That the virus could be airborne (as opposed to just lobbed through the air on a ballistic trajectory) was known from the beginning. The real question is whether it can transmit from person to person in significant enough numbers to be a serious problem.

There was a scientist who did a fluid dynamics experiment on how long the virus could remain airborne, and he came up with a surprisingly long figure (I can't recall what it was) which was widely reported in the press. The CBC interviewed him and he said the news reports were blown all out of proportion, as his experiment was conducted under very unrealistic conditions. I think this is in the CBC Quirks and Quarks podcast, but I can't recall which week it appeared in.

The point of his experiment was to put an absolute upper limit on the time period for the virus surviving while airborne under ideal conditions. He said that this however was just the starting point for other scientists to find what the practical limit would be under real world conditions, which he anticipated would be far, far, less.

There is also more recent investigation which suggests that the danger of infection by transfer from surfaces may be far less than had been initially believed. The early experiments were based around how long the virus was surviving on surfaces such as door knobs. Newer investigation has focused on how the virus would get from that surface into your respiratory tract to infect you. This may lead to reductions in sanitising of surfaces in public areas, or at least to more targetting satanising of higher risk surfaces. Washing your hands is still considered to be very important though.

The absolute answers to a lot of these questions will probably only come after the disease is no longer a major problem, but for now advice on avoiding infection is still evolving as new knowledge comes in. We've only known about this disease for a few months, and the questions that really matter are often less "can the virus spread by these means under ideal conditions" and more "can the virus spread by these means to enough of an extent to keep a pandemic going".
 
There were a lot of people stating that the Far East had done so well at the beginning, which is true they we, however it is not so rosy now.

View attachment 488876
I think the "Asia" part of the graph mainly shows India and the Middle East, where it's really taking off. On the following web site India are in the top 5 in terms of new infections and new deaths, with both probably being under-counted due to limitations in their health system. It's really making quite an impact there. Pakistan and Bangladesh are also in the top dozen or so, and Saudi Arabia, Iraq, Iran, and the rest of the Middle East are also there.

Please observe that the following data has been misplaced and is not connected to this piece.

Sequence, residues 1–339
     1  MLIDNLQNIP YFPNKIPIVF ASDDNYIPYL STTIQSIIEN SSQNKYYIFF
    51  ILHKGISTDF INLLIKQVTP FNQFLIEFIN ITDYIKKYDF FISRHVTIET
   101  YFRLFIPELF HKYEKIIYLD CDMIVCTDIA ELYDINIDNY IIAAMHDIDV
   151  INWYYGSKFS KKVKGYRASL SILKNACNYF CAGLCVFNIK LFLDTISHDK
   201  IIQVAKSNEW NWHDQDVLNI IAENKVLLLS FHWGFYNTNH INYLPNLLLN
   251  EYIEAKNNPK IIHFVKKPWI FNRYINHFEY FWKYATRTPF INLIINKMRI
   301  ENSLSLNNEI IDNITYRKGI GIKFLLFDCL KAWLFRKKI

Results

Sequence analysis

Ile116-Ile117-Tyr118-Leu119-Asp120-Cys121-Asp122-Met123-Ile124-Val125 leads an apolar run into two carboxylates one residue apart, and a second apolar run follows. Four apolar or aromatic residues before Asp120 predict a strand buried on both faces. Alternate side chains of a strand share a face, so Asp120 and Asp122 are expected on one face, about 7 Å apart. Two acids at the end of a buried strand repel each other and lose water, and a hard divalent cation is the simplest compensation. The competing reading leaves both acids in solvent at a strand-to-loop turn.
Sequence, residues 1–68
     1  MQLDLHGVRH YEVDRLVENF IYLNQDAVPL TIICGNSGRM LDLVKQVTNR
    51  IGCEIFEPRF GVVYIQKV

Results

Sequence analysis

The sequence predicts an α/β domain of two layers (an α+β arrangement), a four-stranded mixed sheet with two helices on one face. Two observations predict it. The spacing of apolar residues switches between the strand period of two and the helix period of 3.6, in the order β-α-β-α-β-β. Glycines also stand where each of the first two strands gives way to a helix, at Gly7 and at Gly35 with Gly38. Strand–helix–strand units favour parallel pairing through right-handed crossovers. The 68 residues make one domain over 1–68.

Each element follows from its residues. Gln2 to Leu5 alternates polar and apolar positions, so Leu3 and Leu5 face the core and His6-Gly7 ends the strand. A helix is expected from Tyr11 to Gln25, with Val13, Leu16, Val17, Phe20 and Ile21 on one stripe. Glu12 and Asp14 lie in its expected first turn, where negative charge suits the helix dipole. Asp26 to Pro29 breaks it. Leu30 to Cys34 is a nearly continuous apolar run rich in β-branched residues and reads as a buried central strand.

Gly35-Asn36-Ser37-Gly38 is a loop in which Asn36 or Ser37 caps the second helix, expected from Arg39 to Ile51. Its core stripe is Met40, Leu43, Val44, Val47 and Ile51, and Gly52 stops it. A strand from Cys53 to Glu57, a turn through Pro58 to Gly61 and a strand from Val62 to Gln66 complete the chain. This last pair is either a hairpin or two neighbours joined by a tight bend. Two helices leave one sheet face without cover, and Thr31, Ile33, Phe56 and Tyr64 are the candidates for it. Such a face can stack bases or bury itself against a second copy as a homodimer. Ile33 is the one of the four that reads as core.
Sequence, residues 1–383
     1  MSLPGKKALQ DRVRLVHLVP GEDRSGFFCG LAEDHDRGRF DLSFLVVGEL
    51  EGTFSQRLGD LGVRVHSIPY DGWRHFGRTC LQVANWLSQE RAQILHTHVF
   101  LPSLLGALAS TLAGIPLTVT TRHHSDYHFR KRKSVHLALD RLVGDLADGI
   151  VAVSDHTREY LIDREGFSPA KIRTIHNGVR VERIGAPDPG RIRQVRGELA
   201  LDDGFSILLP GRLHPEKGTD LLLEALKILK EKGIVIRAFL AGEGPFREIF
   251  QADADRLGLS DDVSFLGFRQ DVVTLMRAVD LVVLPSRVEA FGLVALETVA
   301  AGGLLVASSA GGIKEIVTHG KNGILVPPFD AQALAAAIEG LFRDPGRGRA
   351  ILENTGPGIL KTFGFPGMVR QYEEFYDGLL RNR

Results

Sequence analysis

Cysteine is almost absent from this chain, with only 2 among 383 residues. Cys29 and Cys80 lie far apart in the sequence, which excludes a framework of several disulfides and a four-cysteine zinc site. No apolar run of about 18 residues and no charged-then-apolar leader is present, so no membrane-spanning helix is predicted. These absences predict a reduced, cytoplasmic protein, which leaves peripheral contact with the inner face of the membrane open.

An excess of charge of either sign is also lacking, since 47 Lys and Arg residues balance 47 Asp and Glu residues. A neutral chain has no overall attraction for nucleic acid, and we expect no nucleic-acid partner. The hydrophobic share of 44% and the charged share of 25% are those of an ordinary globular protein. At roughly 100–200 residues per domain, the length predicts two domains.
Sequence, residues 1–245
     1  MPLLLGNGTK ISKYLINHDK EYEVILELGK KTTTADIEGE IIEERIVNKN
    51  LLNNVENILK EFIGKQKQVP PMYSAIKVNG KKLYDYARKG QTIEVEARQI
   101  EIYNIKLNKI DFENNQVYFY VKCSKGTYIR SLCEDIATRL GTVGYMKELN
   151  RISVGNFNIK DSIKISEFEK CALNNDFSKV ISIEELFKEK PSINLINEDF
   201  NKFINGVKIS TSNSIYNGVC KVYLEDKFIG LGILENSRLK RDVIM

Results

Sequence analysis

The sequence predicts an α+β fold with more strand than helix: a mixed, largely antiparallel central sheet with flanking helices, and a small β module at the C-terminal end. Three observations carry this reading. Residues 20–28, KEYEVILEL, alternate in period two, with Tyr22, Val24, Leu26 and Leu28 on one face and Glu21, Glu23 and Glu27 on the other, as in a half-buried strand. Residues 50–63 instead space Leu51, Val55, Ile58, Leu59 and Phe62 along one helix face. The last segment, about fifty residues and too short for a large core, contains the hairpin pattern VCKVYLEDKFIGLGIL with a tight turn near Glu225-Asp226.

We've only known about this disease for a few months, and the questions that really matter are often less "can the virus spread by these means under ideal conditions" and more "can the virus spread by these means to enough of an extent to keep a pandemic going".
Indeed. I think we are largely in agreement although your comment about a few months puts things into perspective. It really seems longer than a few months. It really does.
 

Truxx

LE
Brilliant chat with son in law earlier. I did not know but he is now Mr Vaccination (seconded from the cabinet office.)

I cannot reveal too much as that would be a bit unfair, but two things came across loud and clear. Point 1is that we, the public, know virtually nothing , a situation entirely due to the media wanting to control the agenda regardless. Second the expectation driving all current planning and decision making is a severe second wave.
 
Has China finally coughed up and admitted when, how many people have died?
 
And stats being stats:

ENG 92 in 1000
EIRE 420 in 1000

:?
what is that?
According to worldometer

Cases per million - Ireland 5185 - U.K. 4256
Deaths per million - Ireland 354 - U.K. 660

we have had major issues with care homes, meat factories and healthcare workers. We are now seeing a younger people (<45) being the most common cases.
 

Le_addeur_noir

On ROPS
On ROPs
Has China finally coughed up and admitted when, how many people have died?
No. And they're still putting out fiction like they are only suffering something like 5 or less new cases on a daily basis.

IMHO, total lies.
 

Rod924

LE
Kit Reviewer
what is that?
According to worldometer

Cases per million - Ireland 5185 - U.K. 4256
Deaths per million - Ireland 354 - U.K. 660

we have had major issues with care homes, meat factories and healthcare workers. We are now seeing a younger people (<45) being the most common cases.
Figures you quoted of daily infections (with a huge grin no doubt) v population. However, takes no account of density factoring. Nor does it take account of number of test done per day, all of which can be used to turn stats on their head.

And forgive me, but I'll stick up for GB all day long.